Consumer Law Changes Taking Effect in 2019

Consumer Law Changes Taking Effect in 2019

(This article first appeared at NCLC.orgThis article lists federal and state consumer law changes that already are scheduled to go into effect in 2019. The article also lists several changes that were effective in November and December of 2018 that will have special relevance in 2019. Of course, other consumer law changes will be enacted later this year and go into effect this year, but this article only lists those whose effective dates have already been scheduled for this year.

January 1, 2019 Effective Date

Truth in Lending Act Credit Card Fees: The Truth in Lending Act has a safe harbor that provides that credit card penalty fees are deemed reasonable if not exceeding set amounts. The safe harbor amounts increase to $28 for the consumer’s first violation and $39 for the second, up from the existing $27 and $38 safe harbor amounts. See 83 Fed. Reg. 43,503 (Aug. 27, 2018), as discussed in NCLC’s Truth in Lending § 7.5.2.3.3.Truth in Lending Act Exclusion: Other than for credit secured by a residence or student loans, the Truth in Lending Act does not apply to credit with an amount financed over a threshold amount. This amount is now increased to $57,200. See 83 Fed. Reg. 59,276 (Nov. 23, 2018), as discussed in NCLC’s Truth in Lending § 2.4.4.2.Consumer Leasing Act Exclusion: the maximum size of leases excluded from the Consumer Leasing Act is now increased to leases where the total contractual obligation exceeds $57,200. See 83 Fed. Reg. 59,276 (Nov. 23, 2018), as discussed in NCLC’s Truth in Lending § 13.2.2.Home Mortgage Disclosure Act: Certain provisions of Regulation C interpreting the Home Mortgage Disclosure Act (HMDA) are amended. In particular, there are changes to section 1003.5 on disclosures and reporting and to section 1003.6 on enforcement, appendix A is removed, and parallel changes are made to the official interpretations. See 82 Fed. Reg. 43,145 (Sept. 13, 2017), as discussed in NCLC’s Credit Discrimination § 4.4.5.California Doc Fees: Cal. Veh. Code § 4456.5 increases allowable document fees for California motor vehicle sales to a range of $70 to $85, from the prior $65 to $80. Document fees are discussed at NCLC’s Consumer Credit Regulation § 11.4.4.Maryland Consumer Loans: The Financial Consumer Protection Act of 2018, 2018 Md. Laws ch. 732 (S.B. 1068), allows consumer lenders to opt to be governed by Maryland’s general usury provisions instead of special usury statutes. Which usury statute applies in a state is examined at NCLC’s Consumer Credit Regulation § 3.9.Massachusetts Collection Lawsuits: New Massachusetts Rule of Civil Procedure 8.1(d)(2) requires creditors filing collection lawsuits involving credit card debt to file with the complaint a detailed affidavit providing specific information about the debt. If the action is brought by a debt buyer, the complaint must be filed with documents evidencing the chain of ownership from the creditor to the debt buyer and the documents must reference the defendant. See NCLC’s Collection Actions § 3.5.1.Nebraska Small Loans: Nebraska Laws L.B. 194, § 21 sets the minimum loan term for installment loans at six months. Installment loan terms are discussed at NCLC’s Consumer Credit Regulation § 10.4.2.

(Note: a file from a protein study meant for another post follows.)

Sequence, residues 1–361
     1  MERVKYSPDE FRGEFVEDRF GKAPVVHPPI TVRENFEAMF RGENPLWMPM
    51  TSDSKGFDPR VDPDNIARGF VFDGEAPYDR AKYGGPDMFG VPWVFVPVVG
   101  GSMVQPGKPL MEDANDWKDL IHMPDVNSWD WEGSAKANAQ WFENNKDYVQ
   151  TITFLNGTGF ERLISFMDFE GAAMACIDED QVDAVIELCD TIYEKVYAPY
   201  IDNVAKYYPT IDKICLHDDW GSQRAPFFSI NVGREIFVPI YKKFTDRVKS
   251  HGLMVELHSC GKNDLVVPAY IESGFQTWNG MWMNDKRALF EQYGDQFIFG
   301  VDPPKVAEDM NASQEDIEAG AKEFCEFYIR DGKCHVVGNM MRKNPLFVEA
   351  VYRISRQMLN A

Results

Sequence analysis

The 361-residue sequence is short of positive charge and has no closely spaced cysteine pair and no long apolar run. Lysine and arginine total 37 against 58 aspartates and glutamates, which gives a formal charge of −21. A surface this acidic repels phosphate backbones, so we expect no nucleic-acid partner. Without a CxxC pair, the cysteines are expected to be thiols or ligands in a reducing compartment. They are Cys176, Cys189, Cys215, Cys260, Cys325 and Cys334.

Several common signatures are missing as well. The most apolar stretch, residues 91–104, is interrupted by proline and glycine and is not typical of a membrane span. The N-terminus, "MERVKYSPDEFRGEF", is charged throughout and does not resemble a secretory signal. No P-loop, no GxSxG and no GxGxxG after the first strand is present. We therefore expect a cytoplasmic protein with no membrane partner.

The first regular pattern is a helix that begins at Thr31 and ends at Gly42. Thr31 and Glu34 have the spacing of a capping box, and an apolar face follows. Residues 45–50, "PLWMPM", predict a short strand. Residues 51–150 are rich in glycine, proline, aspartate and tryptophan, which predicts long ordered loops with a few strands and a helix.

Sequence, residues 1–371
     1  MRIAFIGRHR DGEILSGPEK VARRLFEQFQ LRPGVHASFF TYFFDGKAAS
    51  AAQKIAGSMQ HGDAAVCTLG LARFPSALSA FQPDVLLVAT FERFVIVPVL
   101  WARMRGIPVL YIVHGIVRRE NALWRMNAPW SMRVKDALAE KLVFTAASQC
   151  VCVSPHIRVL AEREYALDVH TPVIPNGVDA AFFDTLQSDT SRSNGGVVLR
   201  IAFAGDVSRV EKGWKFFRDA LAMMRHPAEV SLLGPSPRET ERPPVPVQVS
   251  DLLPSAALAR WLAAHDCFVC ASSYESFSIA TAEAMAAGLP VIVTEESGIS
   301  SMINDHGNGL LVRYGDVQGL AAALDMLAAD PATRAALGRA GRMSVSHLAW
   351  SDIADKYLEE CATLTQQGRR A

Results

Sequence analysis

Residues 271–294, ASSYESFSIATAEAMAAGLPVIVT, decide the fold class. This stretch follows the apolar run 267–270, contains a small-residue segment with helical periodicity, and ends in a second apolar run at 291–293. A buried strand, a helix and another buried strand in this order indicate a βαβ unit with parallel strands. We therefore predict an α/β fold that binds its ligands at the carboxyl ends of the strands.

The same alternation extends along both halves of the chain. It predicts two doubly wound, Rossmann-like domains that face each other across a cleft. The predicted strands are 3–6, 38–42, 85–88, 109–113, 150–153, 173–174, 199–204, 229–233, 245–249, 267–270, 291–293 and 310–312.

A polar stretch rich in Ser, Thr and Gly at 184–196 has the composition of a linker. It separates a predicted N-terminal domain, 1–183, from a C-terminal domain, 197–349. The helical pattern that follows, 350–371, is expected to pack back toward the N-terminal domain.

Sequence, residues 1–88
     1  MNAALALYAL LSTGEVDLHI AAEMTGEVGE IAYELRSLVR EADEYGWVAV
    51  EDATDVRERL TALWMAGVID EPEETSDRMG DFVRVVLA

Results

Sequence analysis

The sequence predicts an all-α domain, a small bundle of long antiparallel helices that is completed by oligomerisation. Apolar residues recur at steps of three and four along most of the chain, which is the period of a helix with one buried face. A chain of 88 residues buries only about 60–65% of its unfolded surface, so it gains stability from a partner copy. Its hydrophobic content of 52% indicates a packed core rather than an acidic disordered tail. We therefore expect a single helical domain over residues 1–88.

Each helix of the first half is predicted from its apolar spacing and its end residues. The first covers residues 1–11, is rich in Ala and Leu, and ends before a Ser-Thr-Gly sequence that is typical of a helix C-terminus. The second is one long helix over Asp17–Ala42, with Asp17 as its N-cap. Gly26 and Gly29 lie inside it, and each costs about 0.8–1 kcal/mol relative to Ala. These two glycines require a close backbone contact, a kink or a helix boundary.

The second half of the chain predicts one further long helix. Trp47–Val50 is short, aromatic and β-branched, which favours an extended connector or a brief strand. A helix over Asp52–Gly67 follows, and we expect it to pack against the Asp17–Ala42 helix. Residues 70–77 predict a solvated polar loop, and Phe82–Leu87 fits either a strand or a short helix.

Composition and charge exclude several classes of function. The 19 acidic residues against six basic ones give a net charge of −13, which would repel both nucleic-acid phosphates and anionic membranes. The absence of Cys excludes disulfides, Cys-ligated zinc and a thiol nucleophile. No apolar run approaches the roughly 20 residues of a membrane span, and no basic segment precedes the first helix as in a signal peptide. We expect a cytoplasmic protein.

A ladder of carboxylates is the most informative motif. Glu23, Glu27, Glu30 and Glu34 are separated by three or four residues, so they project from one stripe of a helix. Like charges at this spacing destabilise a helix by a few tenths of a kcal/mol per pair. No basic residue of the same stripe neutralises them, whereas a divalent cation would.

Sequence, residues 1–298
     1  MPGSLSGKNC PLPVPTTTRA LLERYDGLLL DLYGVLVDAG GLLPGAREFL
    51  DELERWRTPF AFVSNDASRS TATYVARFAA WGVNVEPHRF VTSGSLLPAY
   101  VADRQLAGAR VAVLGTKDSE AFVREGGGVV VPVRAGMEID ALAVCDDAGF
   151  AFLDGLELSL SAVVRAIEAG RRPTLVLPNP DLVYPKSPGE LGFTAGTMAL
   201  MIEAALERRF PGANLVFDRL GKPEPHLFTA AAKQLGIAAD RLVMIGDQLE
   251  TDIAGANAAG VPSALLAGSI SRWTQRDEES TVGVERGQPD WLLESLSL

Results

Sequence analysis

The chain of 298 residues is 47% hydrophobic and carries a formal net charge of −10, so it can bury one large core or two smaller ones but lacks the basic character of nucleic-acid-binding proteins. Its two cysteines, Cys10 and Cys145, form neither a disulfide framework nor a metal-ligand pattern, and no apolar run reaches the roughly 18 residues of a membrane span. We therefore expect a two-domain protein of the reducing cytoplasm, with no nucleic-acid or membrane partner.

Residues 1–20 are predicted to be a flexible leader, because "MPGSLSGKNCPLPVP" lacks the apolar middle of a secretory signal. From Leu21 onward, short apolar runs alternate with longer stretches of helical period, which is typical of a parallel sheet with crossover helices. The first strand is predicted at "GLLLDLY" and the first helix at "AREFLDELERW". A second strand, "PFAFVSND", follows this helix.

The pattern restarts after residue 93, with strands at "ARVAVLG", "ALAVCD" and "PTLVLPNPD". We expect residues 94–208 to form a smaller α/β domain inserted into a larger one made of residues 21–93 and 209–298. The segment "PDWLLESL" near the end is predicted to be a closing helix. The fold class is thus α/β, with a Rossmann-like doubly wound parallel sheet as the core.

February 1, 2019 Effective Date

Colorado Payday Loans: Colo. Rev. Stat. §§ 5-3.1-101.5, 5-3.1-105, 5-3.1-108, and 5-3.1-121—by ballot initiative—cap payday loan interest rates and limit subterfuges of the rate cap. Regulation of payday loans is examined at NCLC’s Consumer Credit Regulation Chapter 9.

February 15, 2019 Effective Date

Department of Veterans Affairs Mortgages: New requirements are created for refinancing of the VA mortgages, by adding a new seasoning requirement and a net benefit test. See 83 Fed. Reg. 64,459 (Dec. 17, 2018). See also NCLC’s Mortgage Lending § 3.12.

April 1, 2019 Effective Date

Consumer Financial Protection Bureau Prepaid Rule: The CFPB’s Prepaid Accounts Rule amends Regulation E (on the Electronic Funds Transfer Act) and Regulation Z (on the Truth in Lending Act) so that both regulations’ existing and some new protections now apply to general use prepaid cards, payroll cards, some government benefit cards, some other stored value cards, and card-less mobile prepaid accounts. Financial institutions offering prepaid accounts now must make extensive disclosures, provide access to account agreements, provide either periodic statements or transaction histories, offer error resolution rights, and limit liability for unauthorized transfers. There are also additional protections for accounts that have credit features, such as limits on overdraft fees. The new rule is examined in detail at NCLC’s Consumer Banking and Payments Law §§ 7.2.3 and 7.2.4.Department of Veterans Affairs Mortgage Loan Modifications: The current programs allowing for modification of VA mortgage loans are set to expire. See United States Dep’t of Veterans Affairs, Circular 26-17-10 (Apr. 7, 2017), available at www.benefits.va.gov. Modification of VA loans are extensively examined in NCLC’s new treatise Mortgage Servicing and Loan Modifications (forthcoming in February 2019).Bankruptcy Code Dollar Amounts: Over fifty of the dollar amounts found in the Bankruptcy Code will be adjusted upwards for inflation. These dollar amount changes will appear in the digital version of NCLC’s Consumer Bankruptcy Law and Practice and later in 2019 in a forthcoming new print revised edition.

May 24, 2019 Effective Date